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Jennifer L. Bromberg-White, Elissa Boguslawski, Daniel Hekman, Eric Kort, Nicholas S. Duesbery; Persistent Inhibition of Oxygen-Induced Retinal Neovascularization by Anthrax Lethal Toxin. Invest. Ophthalmol. Vis. Sci. 2011;52(12):8979-8992. doi: 10.1167/iovs.11-7651.
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To evaluate the role of mitogen-activated protein kinase kinase (MKK) signaling in a mouse model of oxygen-induced retinopathy (OIR) that mimics retinopathy of prematurity (ROP).
Postnatal day 7 mice were exposed to elevated oxygen for 5 days to induce retinopathy. Anthrax lethal toxin (LeTx), an MKK inhibitor, was injected into the vitreous after restoration to normoxia, and its effects on vascular growth were analyzed by whole mount immunofluorescence and confocal microscopy. Pericyte coverage was determined by PDGFR-β and α-SMA staining. Macrophage presence was determined by F4/80 staining. Vitreal cytokine secretion was measured by ELISA and multianalyte profiling.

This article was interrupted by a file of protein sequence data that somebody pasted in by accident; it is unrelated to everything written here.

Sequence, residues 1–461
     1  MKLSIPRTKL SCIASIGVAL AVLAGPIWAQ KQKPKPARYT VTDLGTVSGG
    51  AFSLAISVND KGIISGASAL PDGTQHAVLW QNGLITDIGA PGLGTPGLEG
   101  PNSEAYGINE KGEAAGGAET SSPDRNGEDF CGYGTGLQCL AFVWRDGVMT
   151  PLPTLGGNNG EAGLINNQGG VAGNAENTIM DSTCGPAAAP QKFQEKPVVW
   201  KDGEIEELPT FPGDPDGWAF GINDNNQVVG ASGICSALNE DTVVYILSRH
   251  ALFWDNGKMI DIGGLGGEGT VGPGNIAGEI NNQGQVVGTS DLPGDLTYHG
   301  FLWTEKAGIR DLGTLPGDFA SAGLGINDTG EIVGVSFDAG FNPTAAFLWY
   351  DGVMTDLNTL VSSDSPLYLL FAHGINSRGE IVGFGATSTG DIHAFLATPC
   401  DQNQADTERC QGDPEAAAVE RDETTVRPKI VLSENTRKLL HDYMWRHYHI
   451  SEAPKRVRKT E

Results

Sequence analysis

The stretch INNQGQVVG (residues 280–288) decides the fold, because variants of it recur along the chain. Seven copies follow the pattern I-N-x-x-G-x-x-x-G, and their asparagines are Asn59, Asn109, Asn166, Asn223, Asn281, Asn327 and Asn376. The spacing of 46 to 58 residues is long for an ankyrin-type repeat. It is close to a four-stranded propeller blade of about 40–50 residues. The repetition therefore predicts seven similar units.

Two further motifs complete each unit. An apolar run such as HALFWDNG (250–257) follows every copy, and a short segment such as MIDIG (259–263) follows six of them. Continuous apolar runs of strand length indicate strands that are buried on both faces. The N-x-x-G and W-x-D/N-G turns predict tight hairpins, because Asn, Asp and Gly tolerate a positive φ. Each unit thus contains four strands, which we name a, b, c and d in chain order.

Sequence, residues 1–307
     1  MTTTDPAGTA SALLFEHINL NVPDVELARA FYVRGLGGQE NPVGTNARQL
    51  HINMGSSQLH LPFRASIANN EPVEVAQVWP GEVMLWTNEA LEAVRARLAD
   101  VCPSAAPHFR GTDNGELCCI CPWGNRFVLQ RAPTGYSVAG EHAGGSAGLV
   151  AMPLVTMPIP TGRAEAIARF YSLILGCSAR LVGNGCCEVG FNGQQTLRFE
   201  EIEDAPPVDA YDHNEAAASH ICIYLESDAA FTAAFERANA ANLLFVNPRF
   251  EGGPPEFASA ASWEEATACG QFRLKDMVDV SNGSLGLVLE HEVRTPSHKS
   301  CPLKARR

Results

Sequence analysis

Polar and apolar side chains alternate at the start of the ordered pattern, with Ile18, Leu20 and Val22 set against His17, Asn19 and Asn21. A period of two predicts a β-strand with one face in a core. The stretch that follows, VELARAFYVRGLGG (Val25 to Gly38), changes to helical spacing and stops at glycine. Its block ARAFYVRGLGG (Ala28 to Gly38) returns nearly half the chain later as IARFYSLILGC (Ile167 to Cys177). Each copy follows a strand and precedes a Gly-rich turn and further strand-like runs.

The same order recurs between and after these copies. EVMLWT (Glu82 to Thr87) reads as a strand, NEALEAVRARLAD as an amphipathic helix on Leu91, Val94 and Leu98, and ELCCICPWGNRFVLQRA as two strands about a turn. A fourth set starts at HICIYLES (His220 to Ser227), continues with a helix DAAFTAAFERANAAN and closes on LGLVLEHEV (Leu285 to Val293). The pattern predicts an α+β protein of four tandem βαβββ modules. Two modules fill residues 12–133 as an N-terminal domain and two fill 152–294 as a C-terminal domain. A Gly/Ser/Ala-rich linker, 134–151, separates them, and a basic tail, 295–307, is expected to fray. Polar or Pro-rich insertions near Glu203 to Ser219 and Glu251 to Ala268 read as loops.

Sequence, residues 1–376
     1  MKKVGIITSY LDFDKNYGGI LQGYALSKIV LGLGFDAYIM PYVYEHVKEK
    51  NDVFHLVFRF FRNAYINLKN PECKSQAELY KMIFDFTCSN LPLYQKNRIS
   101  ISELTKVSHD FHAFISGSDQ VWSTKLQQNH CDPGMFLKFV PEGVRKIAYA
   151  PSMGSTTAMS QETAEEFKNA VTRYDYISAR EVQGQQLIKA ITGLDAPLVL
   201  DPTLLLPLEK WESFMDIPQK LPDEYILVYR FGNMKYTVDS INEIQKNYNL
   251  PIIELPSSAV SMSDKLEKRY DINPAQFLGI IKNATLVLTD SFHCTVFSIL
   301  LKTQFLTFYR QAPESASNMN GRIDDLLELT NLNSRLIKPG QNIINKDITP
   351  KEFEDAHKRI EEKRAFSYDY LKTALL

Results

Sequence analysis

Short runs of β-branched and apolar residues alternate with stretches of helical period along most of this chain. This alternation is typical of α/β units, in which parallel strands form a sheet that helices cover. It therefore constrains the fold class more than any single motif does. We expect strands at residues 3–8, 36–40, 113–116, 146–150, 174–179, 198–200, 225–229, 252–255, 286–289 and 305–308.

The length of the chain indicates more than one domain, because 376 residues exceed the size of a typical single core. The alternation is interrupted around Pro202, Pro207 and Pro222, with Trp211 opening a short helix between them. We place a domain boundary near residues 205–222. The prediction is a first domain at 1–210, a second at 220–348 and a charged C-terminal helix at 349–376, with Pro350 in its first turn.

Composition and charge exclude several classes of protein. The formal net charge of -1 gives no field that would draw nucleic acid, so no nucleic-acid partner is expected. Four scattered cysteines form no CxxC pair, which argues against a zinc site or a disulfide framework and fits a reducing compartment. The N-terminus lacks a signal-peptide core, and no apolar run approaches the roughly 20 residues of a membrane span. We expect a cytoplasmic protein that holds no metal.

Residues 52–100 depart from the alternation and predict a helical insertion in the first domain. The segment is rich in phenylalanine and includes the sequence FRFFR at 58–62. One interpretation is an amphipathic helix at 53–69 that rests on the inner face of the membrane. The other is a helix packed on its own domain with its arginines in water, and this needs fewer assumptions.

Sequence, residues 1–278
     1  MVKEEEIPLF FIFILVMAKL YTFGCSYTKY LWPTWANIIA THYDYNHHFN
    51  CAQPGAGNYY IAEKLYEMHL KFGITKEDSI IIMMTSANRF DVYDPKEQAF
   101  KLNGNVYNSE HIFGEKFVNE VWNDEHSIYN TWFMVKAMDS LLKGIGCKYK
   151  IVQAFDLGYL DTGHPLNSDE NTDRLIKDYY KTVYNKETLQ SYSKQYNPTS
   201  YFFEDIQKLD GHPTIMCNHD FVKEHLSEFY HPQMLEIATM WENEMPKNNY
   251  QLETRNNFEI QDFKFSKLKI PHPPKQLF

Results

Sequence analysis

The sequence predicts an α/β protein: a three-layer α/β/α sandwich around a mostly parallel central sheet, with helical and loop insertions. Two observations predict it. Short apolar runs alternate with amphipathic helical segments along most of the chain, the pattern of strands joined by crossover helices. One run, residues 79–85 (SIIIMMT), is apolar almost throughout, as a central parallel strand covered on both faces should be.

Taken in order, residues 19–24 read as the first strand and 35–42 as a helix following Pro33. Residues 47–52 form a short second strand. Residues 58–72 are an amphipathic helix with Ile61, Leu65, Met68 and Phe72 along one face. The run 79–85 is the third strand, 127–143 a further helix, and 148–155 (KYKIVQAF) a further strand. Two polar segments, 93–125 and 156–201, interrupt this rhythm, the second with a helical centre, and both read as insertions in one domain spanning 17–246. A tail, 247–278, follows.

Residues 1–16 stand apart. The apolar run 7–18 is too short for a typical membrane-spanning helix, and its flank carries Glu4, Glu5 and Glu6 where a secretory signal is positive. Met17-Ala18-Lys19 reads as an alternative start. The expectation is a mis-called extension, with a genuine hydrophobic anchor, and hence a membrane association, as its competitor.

Intravitreal injection of LeTx over a restricted time interval after return to normoxic conditions blocked the progression of OIR. This block was independent of vascular endothelial growth factor (VEGF) release and did not alter the release of cytokines and growth factors associated with OIR. VEGFR2 expression and activation were similarly unaffected. LeTx had no statistically significant effect on macrophage recruitment. LeTx sensitivity correlated with vessel maturity, extent of hypoxia, and growth of the deep vascular plexus network.
Correlation among pericyte coverage, deep vascular plexus growth, and hypoxia after LeTx treatment indicate immature vessels in a hypoxic environment are preferentially sensitive to LeTx-mediated MKK inhibition. The persistence of VEGF without concomitant induction of neovascular growth or revascularization of vaso-obliterated zones suggests MKK inhibition causes an inability of the cells that are present, or a failure to recruit cells able, to respond to proangiogenic stimuli. These results indicate the inhibition of MKK signaling presents a novel strategy for the inhibition of vascular retinopathies such as OIR and ROP.
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